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Self Directed IRA and Real Estate...

 A little background info:

Contributions limits for both in 2006 and 2007 are $4,000 (or $5,000 for those age 50 and above.) A traditional IRA comes in two flavors: deductible and nondeductible. To see if you qualify for a deductible IRA, which lets you deduct all or part of your contributions from your taxable income, use the following guidelines: If you have no retirement plan at work and you're under 70-1/2, you can invest in a deductible IRA and deduct the entire amount from your taxes. If you have a 401(k) or other retirement plan at work, you may fully or partially deduct your contribution only if your adjusted gross income (AGI) qualifies. In 2006, your AGI cannot exceed $60,000 if you're single or head of household, or $85,000 if you're married and filing jointly. If you're not covered by a retirement plan, but your spouse is, you may qualify for a full or partial deduction if you file jointly and your AGI is below $160,000. (The same rule applies if you're a non-working spouse of someone covered by a retirement plan at work.) If you're not eligible to contribute to a deductible IRA, you may be eligible to contribute to a Roth IRA if your AGI is below $110,000 if you're single or $160,000 if you're married filing jointly. If you make too much to qualify for a Roth IRA and are not eligible for a deductible IRA, a nondeductible IRA is a valid option. Your contribution won't be deductible, but at least your savings will grow tax-deferred. So which IRA is best for you? The nondeductible is the least attractive, so open one only if you don't qualify for the other two. The choice between a deductible and a Roth is more difficult, but generally you're better off in a Roth if you expect to be in a higher tax bracket when you retire.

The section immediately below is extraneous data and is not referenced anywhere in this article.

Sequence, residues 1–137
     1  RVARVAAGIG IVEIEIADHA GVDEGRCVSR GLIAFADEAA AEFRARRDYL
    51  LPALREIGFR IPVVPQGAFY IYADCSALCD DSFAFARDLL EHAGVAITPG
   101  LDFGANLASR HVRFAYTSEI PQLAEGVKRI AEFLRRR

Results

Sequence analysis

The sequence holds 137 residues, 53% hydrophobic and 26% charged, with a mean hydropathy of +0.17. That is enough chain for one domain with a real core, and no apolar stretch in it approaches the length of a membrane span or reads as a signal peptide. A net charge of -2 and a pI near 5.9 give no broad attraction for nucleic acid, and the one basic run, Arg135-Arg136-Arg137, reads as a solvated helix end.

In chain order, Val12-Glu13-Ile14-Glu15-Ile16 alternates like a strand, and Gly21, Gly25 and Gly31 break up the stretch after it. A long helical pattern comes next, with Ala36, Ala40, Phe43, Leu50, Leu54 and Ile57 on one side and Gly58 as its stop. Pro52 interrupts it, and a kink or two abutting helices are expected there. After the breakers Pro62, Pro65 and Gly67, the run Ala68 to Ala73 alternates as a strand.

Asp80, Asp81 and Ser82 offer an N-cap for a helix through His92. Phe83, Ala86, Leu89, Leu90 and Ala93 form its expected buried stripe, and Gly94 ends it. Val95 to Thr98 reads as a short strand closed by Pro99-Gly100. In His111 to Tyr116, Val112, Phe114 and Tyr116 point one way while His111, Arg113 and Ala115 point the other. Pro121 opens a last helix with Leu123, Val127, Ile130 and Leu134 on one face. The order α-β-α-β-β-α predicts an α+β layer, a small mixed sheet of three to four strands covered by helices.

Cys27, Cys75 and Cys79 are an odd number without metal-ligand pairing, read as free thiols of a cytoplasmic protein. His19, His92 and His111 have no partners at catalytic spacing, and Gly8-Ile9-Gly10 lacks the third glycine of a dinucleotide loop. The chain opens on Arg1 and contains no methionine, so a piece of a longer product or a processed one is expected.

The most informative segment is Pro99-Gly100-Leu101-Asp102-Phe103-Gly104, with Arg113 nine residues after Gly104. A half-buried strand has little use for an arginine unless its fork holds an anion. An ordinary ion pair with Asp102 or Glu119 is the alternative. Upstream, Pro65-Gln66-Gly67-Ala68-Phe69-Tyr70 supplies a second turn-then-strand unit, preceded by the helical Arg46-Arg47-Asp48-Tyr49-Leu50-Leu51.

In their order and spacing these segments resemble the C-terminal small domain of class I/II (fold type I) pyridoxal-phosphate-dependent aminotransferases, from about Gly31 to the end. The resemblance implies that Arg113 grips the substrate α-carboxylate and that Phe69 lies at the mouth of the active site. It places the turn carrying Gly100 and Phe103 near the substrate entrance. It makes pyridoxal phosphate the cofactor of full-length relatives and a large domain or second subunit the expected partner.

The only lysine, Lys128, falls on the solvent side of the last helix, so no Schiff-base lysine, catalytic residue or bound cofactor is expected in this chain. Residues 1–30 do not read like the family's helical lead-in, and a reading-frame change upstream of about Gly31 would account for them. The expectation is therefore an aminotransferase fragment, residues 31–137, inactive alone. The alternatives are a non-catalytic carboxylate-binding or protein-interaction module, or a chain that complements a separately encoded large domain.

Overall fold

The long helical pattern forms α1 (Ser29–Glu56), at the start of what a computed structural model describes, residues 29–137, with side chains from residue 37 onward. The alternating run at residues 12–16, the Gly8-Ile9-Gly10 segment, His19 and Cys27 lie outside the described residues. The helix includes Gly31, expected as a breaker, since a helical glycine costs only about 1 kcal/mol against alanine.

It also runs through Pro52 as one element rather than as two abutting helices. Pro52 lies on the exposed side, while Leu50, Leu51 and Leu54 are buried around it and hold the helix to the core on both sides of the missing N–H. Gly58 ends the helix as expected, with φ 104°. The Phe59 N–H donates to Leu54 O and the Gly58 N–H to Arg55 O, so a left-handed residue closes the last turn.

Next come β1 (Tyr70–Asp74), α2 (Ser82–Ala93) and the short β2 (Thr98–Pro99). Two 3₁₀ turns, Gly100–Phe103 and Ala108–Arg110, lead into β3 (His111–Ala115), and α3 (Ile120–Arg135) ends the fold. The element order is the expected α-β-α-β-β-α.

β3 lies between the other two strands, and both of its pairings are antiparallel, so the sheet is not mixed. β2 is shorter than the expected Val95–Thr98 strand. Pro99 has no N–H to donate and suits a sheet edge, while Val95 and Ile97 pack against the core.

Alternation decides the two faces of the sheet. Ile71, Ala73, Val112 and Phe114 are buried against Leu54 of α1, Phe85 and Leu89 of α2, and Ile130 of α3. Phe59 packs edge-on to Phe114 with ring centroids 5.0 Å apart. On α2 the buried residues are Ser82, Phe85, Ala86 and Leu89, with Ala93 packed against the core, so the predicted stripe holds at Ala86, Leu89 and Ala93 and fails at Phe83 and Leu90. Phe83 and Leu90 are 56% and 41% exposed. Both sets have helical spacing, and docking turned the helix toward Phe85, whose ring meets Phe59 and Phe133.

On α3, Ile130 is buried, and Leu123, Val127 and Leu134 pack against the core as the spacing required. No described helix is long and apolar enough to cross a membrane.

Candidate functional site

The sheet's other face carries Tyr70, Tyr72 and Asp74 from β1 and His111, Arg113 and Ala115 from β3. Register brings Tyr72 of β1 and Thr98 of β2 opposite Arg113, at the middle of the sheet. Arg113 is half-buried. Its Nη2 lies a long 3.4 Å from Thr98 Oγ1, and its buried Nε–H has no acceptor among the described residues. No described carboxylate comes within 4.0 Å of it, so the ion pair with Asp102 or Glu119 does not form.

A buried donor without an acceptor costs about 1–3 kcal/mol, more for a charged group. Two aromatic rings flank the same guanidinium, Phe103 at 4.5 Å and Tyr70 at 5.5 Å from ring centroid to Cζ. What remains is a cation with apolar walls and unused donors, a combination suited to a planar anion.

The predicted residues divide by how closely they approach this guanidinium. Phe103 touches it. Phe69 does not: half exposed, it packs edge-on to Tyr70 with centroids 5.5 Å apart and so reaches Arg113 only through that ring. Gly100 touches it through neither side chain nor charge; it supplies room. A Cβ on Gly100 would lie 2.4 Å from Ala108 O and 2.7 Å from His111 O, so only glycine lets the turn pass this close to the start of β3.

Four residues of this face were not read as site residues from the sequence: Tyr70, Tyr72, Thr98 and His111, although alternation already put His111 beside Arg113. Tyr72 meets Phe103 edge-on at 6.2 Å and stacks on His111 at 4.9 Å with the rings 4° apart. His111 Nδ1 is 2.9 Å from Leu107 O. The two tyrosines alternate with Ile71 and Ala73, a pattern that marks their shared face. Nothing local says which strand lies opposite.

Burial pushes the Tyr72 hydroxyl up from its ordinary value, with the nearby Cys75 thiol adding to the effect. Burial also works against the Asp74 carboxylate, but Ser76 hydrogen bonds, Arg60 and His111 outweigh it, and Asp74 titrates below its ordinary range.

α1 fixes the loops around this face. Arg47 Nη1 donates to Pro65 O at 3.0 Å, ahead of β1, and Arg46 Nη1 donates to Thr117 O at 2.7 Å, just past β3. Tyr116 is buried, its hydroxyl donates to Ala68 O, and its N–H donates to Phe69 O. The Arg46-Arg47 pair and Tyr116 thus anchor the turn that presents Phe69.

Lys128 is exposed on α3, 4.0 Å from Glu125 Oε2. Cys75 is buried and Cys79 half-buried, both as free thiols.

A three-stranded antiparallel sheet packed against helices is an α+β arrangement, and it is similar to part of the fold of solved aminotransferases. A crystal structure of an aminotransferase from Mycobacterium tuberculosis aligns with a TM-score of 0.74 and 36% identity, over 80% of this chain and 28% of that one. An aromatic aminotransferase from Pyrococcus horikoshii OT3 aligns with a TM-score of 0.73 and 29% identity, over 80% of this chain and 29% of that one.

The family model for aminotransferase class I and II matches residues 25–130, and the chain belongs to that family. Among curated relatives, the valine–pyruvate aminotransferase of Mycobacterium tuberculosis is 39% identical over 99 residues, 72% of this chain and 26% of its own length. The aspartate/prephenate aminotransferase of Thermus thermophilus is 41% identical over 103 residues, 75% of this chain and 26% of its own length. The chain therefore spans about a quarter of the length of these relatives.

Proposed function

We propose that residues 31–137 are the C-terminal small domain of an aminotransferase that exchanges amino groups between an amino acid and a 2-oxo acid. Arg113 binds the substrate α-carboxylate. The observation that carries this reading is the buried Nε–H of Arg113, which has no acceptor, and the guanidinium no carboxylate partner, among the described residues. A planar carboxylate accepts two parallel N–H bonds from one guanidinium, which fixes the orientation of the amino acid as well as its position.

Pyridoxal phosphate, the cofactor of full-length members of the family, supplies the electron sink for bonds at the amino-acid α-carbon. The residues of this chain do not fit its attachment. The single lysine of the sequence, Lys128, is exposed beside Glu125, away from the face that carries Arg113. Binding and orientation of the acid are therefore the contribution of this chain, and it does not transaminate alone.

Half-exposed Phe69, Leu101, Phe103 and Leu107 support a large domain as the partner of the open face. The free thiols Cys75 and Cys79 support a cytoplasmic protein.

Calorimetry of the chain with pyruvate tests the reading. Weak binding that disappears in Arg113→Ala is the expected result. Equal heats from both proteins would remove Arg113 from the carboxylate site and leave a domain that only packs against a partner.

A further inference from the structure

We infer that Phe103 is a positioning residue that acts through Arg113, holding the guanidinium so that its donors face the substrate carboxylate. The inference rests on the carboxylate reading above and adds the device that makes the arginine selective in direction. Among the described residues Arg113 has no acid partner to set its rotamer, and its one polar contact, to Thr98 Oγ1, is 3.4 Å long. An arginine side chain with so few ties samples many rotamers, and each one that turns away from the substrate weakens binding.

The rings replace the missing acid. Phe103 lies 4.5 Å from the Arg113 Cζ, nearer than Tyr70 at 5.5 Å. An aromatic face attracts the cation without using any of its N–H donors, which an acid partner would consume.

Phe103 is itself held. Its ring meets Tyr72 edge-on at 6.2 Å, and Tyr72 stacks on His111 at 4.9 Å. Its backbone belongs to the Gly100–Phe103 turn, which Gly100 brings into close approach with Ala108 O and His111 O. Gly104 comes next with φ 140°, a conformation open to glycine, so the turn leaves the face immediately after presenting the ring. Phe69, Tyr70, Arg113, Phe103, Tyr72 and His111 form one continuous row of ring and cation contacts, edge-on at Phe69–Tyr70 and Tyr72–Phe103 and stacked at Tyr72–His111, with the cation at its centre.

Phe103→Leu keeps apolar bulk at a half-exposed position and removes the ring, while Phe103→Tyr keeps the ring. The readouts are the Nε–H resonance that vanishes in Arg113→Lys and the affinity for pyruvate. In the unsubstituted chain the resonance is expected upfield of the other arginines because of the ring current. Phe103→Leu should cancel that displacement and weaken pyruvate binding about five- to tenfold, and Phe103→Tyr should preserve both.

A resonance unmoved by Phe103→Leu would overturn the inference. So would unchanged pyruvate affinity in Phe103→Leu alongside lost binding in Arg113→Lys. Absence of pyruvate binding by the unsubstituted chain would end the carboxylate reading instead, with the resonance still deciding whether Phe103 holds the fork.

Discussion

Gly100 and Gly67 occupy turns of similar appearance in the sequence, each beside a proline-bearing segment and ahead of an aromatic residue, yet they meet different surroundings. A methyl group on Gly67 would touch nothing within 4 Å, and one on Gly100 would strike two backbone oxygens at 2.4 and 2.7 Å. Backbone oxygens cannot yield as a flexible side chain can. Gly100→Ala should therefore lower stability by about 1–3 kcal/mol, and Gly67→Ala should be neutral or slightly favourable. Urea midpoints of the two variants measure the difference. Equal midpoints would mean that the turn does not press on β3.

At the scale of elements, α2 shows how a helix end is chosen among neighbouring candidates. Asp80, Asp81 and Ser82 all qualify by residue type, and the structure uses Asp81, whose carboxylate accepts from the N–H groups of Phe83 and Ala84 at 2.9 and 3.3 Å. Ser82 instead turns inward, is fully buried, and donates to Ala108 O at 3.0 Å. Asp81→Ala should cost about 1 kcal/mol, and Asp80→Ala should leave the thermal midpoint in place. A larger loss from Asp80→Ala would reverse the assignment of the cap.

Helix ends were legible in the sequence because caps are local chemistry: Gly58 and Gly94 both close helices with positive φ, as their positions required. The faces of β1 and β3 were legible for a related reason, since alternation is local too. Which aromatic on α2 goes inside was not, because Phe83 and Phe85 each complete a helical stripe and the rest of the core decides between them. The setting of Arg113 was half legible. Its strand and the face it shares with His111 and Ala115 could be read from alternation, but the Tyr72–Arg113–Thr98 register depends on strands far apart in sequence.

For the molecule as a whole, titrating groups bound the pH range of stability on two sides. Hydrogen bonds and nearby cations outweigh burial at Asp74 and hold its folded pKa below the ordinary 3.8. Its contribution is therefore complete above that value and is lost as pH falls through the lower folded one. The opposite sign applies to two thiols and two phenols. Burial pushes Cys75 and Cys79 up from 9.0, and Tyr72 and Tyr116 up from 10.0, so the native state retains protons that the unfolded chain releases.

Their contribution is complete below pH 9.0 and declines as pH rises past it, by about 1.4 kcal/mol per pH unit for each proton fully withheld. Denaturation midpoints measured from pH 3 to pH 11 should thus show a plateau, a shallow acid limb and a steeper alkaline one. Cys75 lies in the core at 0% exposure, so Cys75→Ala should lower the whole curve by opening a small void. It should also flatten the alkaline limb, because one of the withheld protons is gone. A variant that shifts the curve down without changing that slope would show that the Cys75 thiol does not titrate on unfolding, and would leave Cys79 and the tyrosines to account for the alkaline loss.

If you are interested in finding out more about how Self Directed IRA's can diversify your investment portfolio with real estate contact me!

Source:  Wikipedia

 

A Self-Directed Individual Retirement Account is an IRA that requires the account owner to make investment decisions and investments on behalf of the retirement plan. IRS regulations require that either a qualified trustee, or custodian hold the IRA assets on behalf of the IRA owner. Generally the trustee/custodian will maintain the assets and all transaction and other records pertaining to them, file required IRS reports, issue client statements, assist in helping clients understand the rules and regulations pertaining to certain prohibited transactions, and perform other administrative duties on behalf of the Self-directed IRA owner for the life of the IRA account. Self-directed IRA accounts are typically not limited to a select group of asset types (e.g., stocks, bonds, and mutual funds), and most truly self-directed IRA custodians will permit their clients to engage in investments in most, if not all, all of the IRS permitted investment types (an almost unlimited array of possibilities including foreign real estate). Some of the additional investment options permitted under the regulations include, but are not limited to, real estate, stocks, mortgages, franchises, partnerships, [private equity] and tax liens. Self-directed IRAs, by allowing a wide range of investment choices, improve the account owner's opportunities to diversify their IRA portfolio(s). Some investments, such as life insurance or collectibles as defined by the Internal Revenue Service, are not permitted in IRAs. Also, if real estate or any other investment asset held in a self-directed IRA has been employed for personal use, or to gain any other personal benefit (other than a return for the IRA), in the view of the IRS or the Department of Labor, the IRA(s) may become immediately taxable. In addition, if the IRA owner is younger than 59 1/2, the IRA will be subject to an early withdrawal penalty of 10%. It is important, therefore, that those interested in self-directed IRAs work with qualified and experienced IRA custodians.